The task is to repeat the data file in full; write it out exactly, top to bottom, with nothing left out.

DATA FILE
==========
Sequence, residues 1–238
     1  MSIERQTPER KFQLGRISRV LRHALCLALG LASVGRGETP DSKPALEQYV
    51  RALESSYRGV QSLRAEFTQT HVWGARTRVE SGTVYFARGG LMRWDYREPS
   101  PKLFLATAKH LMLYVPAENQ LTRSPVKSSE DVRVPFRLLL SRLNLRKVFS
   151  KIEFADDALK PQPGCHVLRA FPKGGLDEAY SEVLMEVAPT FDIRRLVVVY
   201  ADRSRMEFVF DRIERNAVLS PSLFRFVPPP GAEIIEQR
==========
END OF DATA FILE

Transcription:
Sequence, residues 1–238
     1  MSIERQTPER KFQLGRISRV LRHALCLALG LASVGRGETP DSKPALEQYV
    51  RALESSYRGV QSLRAEFTQT HVWGARTRVE SGTVYFARGG LMRWDYREPS
   101  PKLFLATAKH LMLYVPAENQ LTRSPVKSSE DVRVPFRLLL SRLNLRKVFS
   151  KIEFADDALK PQPGCHVLRA FPKGGLDEAY SEVLMEVAPT FDIRRLVVVY
   201  ADRSRMEFVF DRIERNAVLS PSLFRFVPPP GAEIIEQR